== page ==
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Publisher's Summary

Have you ever wondered why we wear the type of clothes we do? Packed with outlandish outfits, this exciting history of fashion trends reveals the flamboyant fashions adopted (and discarded) by our ancestors.
In the days before cosmetic surgery, people used bum rolls and bombastic breeches to augment their figures, painted their faces with poisonous concoctions, and doused themselves with scent to cover body odor.
Take a fresh look at history's hidden fashion disasters and discover some of the stories behind historical garments:

How removing a medieval woman's headdress could reveal her as a harlot
Why Tudor men traded in their oversized codpieces for corsets
How crinoline caused a spate of shoplifting among Victorian ladies

Karen Bowman charts our sartorial history from the animal skins first used to cover our modesty and show off hunting skills, right up to the twentieth-century drive for practicality and comfort. Corsets and Codpieces is a fascinating listen for history buffs and fashionistas alike.
©2015 Karen Bowman (P)2017 Brilliance Publishing, Inc., all rights reserved.
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Customer Reviews

Most Helpful
2 out of 5 stars
By Angelina Bice on 08-26-17

A poorly researched and weirdly sexist read

Let's put aside the complete historical apocrypha frequently referenced as fact throughout and address the author's homophobia (in their disgust for the 'foppishness' of previous ages) and sexism. It's pretty bizarre that the author of a treatise on the history of fashion would spend almost all their time discussing the male reaction to women's fashion choices, particularly in the 19th century section, with absolutely zero critical eye on why these comments were being made, and almost no references to what the women themselves thought at the time. The chunk on crinolines is the most extreme example. It lacks any historical context, and implies women who died by accidentally burning to death were at fault, offering up a single article by a woman in defence if the fashion after running through literally an entire chapter of male voices decrying them and mocking women who died while wearing them. Gross.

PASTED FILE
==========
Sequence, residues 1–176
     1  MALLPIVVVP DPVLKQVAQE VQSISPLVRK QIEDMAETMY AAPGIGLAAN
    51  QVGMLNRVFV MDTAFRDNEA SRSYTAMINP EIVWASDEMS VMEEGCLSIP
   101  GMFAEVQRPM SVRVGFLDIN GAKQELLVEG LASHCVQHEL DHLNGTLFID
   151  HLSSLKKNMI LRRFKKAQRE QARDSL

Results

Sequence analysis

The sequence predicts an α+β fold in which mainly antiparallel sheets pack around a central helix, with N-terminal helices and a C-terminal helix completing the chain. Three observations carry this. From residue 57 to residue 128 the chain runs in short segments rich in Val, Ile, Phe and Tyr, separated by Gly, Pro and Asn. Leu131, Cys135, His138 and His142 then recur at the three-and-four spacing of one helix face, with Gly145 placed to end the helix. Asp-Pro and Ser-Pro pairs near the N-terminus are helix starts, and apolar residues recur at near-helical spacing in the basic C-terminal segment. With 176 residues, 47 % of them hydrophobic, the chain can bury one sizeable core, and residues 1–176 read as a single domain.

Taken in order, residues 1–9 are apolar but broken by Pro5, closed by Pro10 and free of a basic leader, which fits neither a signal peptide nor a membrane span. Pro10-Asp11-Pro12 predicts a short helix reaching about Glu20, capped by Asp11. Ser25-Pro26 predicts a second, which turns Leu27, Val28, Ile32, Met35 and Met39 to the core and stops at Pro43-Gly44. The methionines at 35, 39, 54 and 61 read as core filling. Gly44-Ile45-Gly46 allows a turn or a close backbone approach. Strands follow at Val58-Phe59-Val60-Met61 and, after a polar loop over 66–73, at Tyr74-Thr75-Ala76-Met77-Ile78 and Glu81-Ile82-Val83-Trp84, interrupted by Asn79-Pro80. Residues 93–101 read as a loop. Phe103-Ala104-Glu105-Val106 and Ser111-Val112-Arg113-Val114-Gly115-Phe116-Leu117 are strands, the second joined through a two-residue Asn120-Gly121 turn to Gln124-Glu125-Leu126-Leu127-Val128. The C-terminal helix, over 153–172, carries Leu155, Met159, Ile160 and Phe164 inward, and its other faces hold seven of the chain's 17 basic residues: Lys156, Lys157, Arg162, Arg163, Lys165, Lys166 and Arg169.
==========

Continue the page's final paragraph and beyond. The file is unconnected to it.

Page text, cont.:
Acknowledgement of women's contributions to a heavily female-focused art form are cursory - with the author vastly preferring to spend a majority of her time discussing the reactions of male preachers and politicians to fashion. That would be fine if she made an effort to offer any historical context of any kind, which she does not. Where sexism is acknowledged, it somehow also manages to be very strange and gross - a preacher is "within his bounds" to say bobbing a woman's hair is disgusting according to scripture, but goes "a sexist step too far" only when he makes a separate comment. I think this is an attempt by the author to acknowledge historical context, but even so, it's clumsily done and doesn't make whatever point she was driving at.

At its best the book is sometimes entertaining, but it is consistently poorly written and researched. A waste of time for anyone interested in serious discussions of fashion history in a social context.

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24 of 32 people found this review helpful

5 out of 5 stars
By Sidney Lee Schnepf on 04-25-18

Figured I might as well get the audiobook

I thought about getting the print version, since I assume I'm missing our on some illustrations by listening to the audiobook. But since I tend to listen to nonfiction audiobooks more quickly than I read nonfiction books, I might as well go for it. I do wish the emphasis on England had been more apparent before I started listening; it isn't a downside at all, just not what I was expecting. I definitely noticed that the reader was very breathy when the audiobook started, but I got used to it after a couple hours. Also had one of my roommates wander out while I was cooking and listening, because it sounded "very exciting, in a British way." I've already recommended this to several friends who are theater/costuming people, and relayed several of the amusing incidents in this book in general conversation.

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